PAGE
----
Michael Vaudreuil is used to picking things up at school. He’s a custodian at Worcester Polytechnic Institute in Massachusetts.
But over the weekend, he picked up something he’ll definitely want to keep: a college degree.
Vaudreuill, 54, graduated with a mechanical engineering degree from the same place where he’s cleaned and emptied the trash for the past eight years.
His mortar board read: “Old dog has new tricks.”
“Graduation was a crowning achievement. One of the best days of my life,” Vaudreuil told CNN.
Vaudreuil took the custodian’s job after his plastering biz went under in 2007 and took most of his life with it.
He’d lost his house, his business and his hope.
“I was just a shell of a person at that time,” he told CNN affiliate WBZ.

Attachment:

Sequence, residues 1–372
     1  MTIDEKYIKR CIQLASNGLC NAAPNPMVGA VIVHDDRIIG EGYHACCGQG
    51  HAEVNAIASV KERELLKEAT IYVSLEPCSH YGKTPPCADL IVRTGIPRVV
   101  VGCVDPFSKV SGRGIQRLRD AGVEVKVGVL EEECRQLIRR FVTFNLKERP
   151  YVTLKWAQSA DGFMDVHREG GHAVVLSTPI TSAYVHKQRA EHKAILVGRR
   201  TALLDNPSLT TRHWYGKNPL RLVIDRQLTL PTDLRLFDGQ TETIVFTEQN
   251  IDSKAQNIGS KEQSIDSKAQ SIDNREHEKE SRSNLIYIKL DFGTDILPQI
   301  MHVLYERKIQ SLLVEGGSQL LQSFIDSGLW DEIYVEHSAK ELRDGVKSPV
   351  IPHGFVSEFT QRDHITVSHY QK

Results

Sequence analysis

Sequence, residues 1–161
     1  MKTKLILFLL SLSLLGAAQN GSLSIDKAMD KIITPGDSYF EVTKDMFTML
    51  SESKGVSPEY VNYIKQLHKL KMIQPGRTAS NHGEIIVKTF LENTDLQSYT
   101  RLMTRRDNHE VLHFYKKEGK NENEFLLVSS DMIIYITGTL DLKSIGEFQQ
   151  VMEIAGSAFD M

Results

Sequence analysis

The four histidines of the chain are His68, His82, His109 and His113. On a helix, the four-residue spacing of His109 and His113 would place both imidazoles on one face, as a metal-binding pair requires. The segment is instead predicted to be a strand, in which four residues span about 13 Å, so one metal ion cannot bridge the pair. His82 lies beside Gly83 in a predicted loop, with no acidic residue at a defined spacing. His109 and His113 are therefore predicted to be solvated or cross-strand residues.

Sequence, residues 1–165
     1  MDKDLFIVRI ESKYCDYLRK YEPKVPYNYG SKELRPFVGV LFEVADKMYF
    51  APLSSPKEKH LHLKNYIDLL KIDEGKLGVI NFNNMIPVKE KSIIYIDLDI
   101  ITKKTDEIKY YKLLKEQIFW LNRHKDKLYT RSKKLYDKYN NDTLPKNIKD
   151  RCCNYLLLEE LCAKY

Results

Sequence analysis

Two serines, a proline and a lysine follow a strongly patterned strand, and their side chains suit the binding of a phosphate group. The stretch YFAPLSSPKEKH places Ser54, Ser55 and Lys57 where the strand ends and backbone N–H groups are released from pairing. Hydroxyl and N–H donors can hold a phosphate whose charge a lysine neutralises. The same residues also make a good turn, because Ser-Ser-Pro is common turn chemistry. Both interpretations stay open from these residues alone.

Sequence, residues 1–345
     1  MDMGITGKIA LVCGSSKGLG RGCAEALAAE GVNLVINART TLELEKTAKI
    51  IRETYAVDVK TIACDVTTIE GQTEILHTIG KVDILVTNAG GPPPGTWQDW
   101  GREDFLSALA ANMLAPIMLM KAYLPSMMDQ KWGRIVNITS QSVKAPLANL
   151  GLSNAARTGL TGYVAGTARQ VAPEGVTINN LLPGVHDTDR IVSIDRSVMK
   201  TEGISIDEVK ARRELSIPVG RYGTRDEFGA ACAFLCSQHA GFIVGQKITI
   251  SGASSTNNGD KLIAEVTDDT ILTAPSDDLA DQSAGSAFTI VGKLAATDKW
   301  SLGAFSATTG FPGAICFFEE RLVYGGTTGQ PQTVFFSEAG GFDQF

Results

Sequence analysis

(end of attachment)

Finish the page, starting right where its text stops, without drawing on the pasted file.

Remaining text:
So he got the custodian’s gig at Worcester Polytechnic Institute, which just so happened to have tuition-free classes for employees.
This was his last chance.
After dabbling in some psychology classes, Vaudreuill got serious and took on mechanical engineering, which was a natural fit because he’s more of a hands-on kind of guy.
He found the classwork challenging and said he loved “being stretched” intellectually.
And being a student of a certain age in class wasn’t a burden at all.
“I was never once made to feel uncomfortable; never felt like I was getting any easy pass,” he told CNN. “My presence (as a nontraditional student) didn’t attract a lot of attention.”
Or so he thought.
With all of the media attention his graduation has attracted, Vaudreuill said he’s heard from several students he had classes with through the years. They told him they found him to be an inspiration even back then.
Now that he’s picked up his degree, the custodian-turned-mechanical engineer has one more thing he wants to pick up: a new job.
“I’ve got plenty of gas in the tank,” he said. “I’m chomping at the bit to get to work.”